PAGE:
“Twelve Human Spleens”

by Khan Ha

 

For several days it was hot and muggy. Then one night the rain came and it rained with no respite until it leached the white out of the sky. It rained into the eighth day, the ninth day and sometime on the tenth day the rain let up long enough for a glow to spread across the sky, and the forest shivered just once so we could hear the damp wind sough through the drenched foliage, and, in the lull, raindrops trickled like the sound of pebbles. That evening rain fell again, crescendoing madly, tinkling and spattering like musical notes made of steel beads, a wet symphonic murmur that soon settled into a steady mindless cadence. We rushed out to snatch all of our uniforms and linens, still drip-drying, that we had hung on the strung-out twines between the trees near the cooking fires, which had barely dried.

In the hut I could smell the wood smoke. It smelled odorous whenever a fire was suddenly put out, and now the rain that had doused it brought a stink that seeped through the clammy air. Under the cot a red centipede came crawling out. I watched it measuring the soggy ground with its whisker-thin legs. They would come out at night, the red centipedes, the brown centipedes. The earthworms too. All except the yellow and black deerflies. They swarmed around my Chinese friend Huan, when I carried him on my back for two days after the carnage by the American artillery until we reached the forest. It had been thirteen days. Now he lay on the cot, his stomach wrapped with a soiled cloth strip. At least, for now, the rain kept the flies at bay. You could see them feed on the open wounds until their striped abdomens bloated. If you don’t clean the wounds soon, the next day the gaping wounds seem to move with tiny, dough-white maggots.

A hand touched me on my elbow. Huan’s face went dark when the lantern on the ammunition crate suddenly wavered. The forest groaned in the wind. I moved the crate closer to the cot. A rusty metal crate stamped with a single star on its grooved top. I bent to his face.

“Water,” he muttered.

His breath smelled. I raised his head until his lips touched the rim of the tin cup. His cracked lips opened to receive the rainwater. It was our drinking water now. The rain had become our savior. We also had a shortage of cooking utensils after the last B-52 bombing had shattered most of our porcelain wares. Now most of us used the tin cups from our mess kit as rice bowls and drinking cups.

“You hungry?”

He did not answer. His eyes were closed. Their long lashes brought a softness to his repose. He hadn’t opened his eyes much these days. His pretty-girl eyes. Gently I lay his head down. He didn’t weigh much and every time I changed his dressing I could feel his bones. Life was ebbing from him. Shadows pooled on his sunken cheeks. I dabbed some water on his lips and said, “You must eat something.” I pulled a hunk of cooked manioc from my trousers pocket. I broke off a piece and pressed it against my palm until it softened. His lips felt like hard rubber. “Eat,” I said, “you hear me?” But his jaw was set. “Huan?” I pried open his lips with my fingers. His teeth were clenched. His skin felt hot. He was burning up.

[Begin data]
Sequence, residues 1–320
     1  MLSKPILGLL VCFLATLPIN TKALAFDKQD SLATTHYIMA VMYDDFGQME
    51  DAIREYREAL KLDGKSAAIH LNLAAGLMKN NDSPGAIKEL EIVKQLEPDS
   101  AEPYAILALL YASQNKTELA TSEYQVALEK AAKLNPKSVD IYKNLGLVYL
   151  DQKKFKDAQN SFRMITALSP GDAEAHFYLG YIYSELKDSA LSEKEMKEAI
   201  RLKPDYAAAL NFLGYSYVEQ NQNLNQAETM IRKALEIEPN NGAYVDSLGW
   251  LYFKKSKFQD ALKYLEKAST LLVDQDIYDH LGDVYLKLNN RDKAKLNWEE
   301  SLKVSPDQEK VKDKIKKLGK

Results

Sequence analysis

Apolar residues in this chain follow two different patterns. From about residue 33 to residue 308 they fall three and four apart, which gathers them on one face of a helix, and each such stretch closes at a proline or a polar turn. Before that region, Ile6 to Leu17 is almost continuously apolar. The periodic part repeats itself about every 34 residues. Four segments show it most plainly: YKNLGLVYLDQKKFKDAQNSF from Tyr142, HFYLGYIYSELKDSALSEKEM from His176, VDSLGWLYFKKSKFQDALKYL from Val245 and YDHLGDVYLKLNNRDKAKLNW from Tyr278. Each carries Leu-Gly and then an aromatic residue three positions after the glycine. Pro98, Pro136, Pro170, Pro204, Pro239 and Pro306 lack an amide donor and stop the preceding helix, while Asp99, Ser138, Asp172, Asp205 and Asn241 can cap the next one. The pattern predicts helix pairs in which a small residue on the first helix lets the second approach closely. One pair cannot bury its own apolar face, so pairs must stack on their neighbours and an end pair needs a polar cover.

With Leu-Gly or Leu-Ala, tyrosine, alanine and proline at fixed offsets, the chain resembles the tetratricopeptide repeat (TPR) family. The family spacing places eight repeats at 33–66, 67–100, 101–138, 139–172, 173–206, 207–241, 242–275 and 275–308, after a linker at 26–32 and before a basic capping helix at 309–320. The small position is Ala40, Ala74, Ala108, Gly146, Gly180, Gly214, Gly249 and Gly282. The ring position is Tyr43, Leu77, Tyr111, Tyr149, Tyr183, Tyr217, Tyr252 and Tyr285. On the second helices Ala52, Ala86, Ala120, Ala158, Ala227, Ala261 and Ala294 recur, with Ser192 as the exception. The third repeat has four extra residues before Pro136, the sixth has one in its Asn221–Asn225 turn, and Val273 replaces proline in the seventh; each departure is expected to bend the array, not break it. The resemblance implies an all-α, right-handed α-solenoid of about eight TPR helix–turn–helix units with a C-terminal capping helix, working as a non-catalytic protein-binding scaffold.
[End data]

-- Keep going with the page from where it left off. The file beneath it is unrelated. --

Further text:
“Giang . . . save it,” he slurred. “You’re hungry too.”

That hunk of manioc was my whole day’s meal. We had run out of food because of the siege. Trapped deep in the forest by the surrounding Americans and ARVN soldiers, we had eaten wild banana flowers and scorpions and snakes. We went looking for the snakes. Before that, we all dreaded seeing them. We ate wild taros, even those that caused itch, and afterward many of us retched and clawed at our throats, finger-forcing ourselves to vomit, and our doctors had to calm our throats with saline water so that after gargling a mouthful, it eased the killing itch. We ate cocoyam, the giant ones. They rose abnormally tall. Over two meters. Their trunks, thicker than wild bananas’ trunks, exuded a glossy look of unhealthy green, and their underground stems in the somber year-round shade twined deep in the earth where, in earlier days, corpses of our comrades had lain unburied. After vultures had picked away the flesh, the crows came, then centipedes and ants. Then worms and maggots. Then forest rains. Rains washed the human remains into the depth of soil, which nourished the flesh-loving cocoyam, which then nourished us, day to day now.